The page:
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In Africa, technology and human capital go hand in hand

Sheila Jagannathan's picture
Photo: eLearning Africa
Rwanda’s progress from the devastating civil war two decades ago to one of the most rapidly developing African countries is a remarkable narrative on development.

Twenty-four years ago, the country was torn apart by civil war and one of the worst genocides human history has known; one in which more than a million people were killed in only three months.

Now, with years of sustained economic growth—predicted to be around 6.5% this year, the country is well on the way to achieving many of the ambitious development goals set out in the Rwandan Government’s ‘Vision 2020.’ This strategy seeks to move away from agriculture and rely instead on services and knowledge as the new engines of economic growth, with the objective of achieving middle-income status in the near term.

I had the privilege of getting a snapshot view of Rwanda’s success during the few days I spent in the country last month attending elearning Africa 2018, the continent’s largest conference on technology-assisted learning and training. The choice of Kigali as the location for this year’s conference is highly symbolic: Rwanda has put education and skills at the heart of its national strategy, and can send a powerful message to other African countries about the importance of investing in human capital to support overall development.

The theme of this year’s eLearning Africa was ‘Uniting Africa’, and most sessions discussed how to overcome barriers and improve cooperation to help African countries meet the UN’s Sustainable Development Goals (SDGs). Africa’s youth population is projected to double between 2017 and 2050 to reach almost a billion people, while other regions will see their population get older. To help this young population thrive, it will become crucial for Africa to invest in skills and adapt to the trends that are currently reshaping the global labor market, especially automation and digitization.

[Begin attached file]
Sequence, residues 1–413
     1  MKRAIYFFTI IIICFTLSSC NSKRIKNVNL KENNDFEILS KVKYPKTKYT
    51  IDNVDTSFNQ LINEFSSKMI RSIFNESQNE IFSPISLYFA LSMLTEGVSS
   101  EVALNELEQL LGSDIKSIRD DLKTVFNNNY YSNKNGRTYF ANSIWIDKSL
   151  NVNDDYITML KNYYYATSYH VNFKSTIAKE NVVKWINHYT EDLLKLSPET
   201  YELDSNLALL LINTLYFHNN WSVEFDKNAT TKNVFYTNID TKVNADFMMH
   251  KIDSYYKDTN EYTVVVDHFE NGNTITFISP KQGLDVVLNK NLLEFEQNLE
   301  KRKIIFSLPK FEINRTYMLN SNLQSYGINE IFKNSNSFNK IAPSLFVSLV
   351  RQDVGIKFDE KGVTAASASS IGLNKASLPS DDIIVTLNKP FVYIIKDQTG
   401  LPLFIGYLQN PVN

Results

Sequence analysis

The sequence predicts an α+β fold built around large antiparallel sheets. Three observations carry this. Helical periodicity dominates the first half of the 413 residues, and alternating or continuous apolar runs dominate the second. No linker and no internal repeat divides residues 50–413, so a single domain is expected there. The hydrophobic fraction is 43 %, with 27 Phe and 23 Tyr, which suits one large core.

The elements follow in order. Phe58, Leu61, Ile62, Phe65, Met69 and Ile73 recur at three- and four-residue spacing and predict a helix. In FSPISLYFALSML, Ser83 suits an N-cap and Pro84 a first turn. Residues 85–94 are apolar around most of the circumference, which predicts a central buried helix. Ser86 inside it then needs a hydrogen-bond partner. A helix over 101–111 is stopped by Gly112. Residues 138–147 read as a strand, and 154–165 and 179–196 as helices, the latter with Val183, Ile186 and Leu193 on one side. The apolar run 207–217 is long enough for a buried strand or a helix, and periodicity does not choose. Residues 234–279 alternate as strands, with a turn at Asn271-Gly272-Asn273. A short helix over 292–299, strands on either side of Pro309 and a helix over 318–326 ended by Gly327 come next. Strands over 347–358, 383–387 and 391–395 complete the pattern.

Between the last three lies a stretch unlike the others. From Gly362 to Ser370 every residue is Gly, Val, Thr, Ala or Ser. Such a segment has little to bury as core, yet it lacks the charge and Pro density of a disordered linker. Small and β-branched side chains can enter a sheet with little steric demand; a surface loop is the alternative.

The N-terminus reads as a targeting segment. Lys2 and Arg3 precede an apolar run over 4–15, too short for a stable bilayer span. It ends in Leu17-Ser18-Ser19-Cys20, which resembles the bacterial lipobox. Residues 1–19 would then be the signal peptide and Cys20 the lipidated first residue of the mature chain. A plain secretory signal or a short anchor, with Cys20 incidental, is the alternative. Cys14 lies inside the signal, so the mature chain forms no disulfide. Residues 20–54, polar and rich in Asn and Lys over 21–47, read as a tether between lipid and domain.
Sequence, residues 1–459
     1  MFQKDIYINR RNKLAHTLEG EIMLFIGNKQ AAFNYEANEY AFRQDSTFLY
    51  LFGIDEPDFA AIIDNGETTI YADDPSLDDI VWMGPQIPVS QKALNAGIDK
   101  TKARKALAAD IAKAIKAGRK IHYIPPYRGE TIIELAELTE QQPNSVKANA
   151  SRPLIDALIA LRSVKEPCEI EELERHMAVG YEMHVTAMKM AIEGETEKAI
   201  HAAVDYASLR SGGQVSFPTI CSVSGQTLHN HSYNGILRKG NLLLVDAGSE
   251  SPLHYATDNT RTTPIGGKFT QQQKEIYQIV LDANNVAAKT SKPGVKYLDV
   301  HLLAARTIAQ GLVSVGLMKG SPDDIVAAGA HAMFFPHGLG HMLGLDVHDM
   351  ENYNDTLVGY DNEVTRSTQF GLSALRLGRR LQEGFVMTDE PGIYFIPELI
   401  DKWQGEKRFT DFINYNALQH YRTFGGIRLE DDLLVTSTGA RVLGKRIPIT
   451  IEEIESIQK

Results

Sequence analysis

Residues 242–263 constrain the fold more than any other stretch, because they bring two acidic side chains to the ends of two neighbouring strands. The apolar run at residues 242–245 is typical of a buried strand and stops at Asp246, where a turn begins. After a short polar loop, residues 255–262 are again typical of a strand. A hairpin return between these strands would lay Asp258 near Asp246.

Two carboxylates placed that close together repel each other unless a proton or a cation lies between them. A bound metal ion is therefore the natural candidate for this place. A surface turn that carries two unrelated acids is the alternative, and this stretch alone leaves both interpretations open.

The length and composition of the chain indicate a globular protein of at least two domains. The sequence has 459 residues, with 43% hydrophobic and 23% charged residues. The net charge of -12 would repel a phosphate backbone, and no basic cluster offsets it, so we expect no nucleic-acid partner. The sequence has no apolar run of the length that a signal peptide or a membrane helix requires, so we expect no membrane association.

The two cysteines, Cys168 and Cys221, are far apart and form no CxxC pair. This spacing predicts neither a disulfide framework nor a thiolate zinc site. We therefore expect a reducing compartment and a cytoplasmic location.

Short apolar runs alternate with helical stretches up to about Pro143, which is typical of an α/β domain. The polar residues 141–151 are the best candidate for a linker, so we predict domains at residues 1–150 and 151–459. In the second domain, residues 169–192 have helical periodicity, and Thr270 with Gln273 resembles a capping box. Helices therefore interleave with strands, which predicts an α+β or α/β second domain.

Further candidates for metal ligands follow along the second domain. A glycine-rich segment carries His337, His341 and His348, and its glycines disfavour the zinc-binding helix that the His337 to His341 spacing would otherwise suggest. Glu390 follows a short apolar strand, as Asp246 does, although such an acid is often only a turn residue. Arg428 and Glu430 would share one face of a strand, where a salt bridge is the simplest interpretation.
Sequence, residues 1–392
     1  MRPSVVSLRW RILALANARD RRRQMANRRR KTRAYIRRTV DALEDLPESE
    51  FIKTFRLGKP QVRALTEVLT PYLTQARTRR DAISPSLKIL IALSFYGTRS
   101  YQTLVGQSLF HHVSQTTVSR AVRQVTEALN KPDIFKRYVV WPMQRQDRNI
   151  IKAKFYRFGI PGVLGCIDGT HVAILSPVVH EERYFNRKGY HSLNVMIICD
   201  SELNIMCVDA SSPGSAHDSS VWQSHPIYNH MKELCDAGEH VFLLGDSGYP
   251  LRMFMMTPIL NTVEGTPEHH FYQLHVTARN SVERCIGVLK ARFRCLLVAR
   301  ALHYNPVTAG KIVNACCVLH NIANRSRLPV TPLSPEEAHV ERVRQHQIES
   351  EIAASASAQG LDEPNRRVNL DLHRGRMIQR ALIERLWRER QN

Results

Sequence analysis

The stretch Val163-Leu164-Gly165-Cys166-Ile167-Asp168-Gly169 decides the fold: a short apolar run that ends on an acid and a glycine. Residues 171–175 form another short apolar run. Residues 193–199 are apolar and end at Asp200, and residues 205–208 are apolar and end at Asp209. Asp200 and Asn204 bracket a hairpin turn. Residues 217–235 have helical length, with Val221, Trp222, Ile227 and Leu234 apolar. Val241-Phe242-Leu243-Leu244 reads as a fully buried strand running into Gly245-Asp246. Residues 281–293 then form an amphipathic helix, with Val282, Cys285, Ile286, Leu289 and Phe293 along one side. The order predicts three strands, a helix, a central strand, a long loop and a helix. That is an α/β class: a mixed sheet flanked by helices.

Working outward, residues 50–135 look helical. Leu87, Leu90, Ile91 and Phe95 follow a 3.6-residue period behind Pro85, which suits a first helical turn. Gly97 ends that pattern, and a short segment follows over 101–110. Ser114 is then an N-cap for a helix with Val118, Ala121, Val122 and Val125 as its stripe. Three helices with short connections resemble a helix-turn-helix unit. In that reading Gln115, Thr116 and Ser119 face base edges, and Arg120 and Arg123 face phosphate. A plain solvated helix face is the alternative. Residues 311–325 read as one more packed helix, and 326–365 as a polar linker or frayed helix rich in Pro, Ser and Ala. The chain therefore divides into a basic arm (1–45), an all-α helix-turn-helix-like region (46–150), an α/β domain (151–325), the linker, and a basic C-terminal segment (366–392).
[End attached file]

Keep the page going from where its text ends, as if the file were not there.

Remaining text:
The conference focused largely on the role digital education could play in addressing these challenges to help African countries accelerate growth and reduce poverty. Digital technology could go a long way in in improving the quality of education in many countries. Likewise, e-learning will make it much easier for tomorrow’s digital entrepreneurs to learn continuously throughout their careers thanks to open access virtual platforms like Edx, Coursera, FutureLearn, and the World Bank’s Open Learning Campus, with accreditation to the world’s leading universities.
 
E-learning in Africa should receive a major boost from the expansion of mobile internet, which is expected to cover practically all parts of the continent within a few years’ time. The McKinsey Global Institute projects that, by 2025, Internet penetration will rise to 50 % (600 million users) and smartphone ownership will increase six-fold. This will transform the way Africans can access quality education, skills building, and training. The conference was therefore a timely opportunity to take stock of today’s situation and plan ahead to see how ICT and education can help to ensure that the Africa of tomorrow is truly inclusive.
 
Margot Brown, World Bank Director of Knowledge Management, highlighted several important initiatives led or supported by the Bank to bolster knowledge and learning in Africa. I also spoke on our experiences developing Massive Online Open Courses (MOOCs), which have attracted considerable participation from African youths seeking to enter the job market. Based on the feedback we received, there was a lot of interest and goodwill among participants to collaborate with the World Bank Group to promote eLearning as an important vehicle to ‘Uniting Africa’.
 
Speaking for myself, I have seen how the spread of new forms of technology-assisted learning and innovative pedagogies are making a real difference in the lives of many Africans. One example is the agriculture sector, where mobile phones have made an enormous contribution to the spread of training and information about better forms of crop management and animal husbandry, resulting in significantly improved yields in many parts of Africa. Other traditional forms of communication, such as radio, have also been very successful. Farm Radio International, for instance, provides high-quality radio programs that help small-scale farmers increase their productivity and income. Working with 650 radio partners in 40 Sub-Saharan countries, they are followed by millions of listeners across the region. The recently launched ‘Her Farm Radio’ follows a similar approach with a focus on female farmers, who make up 70% of Africa’s agricultural workforce.
 
Nelson Mandela famously said that education is “the key to everything.” Among conference participants, there was not only full agreement with Madiba’s view, but also a serious exploration of how digital learning can accelerate Africa’s transformational efforts at eradicating poverty and boosting shared prosperity.
 

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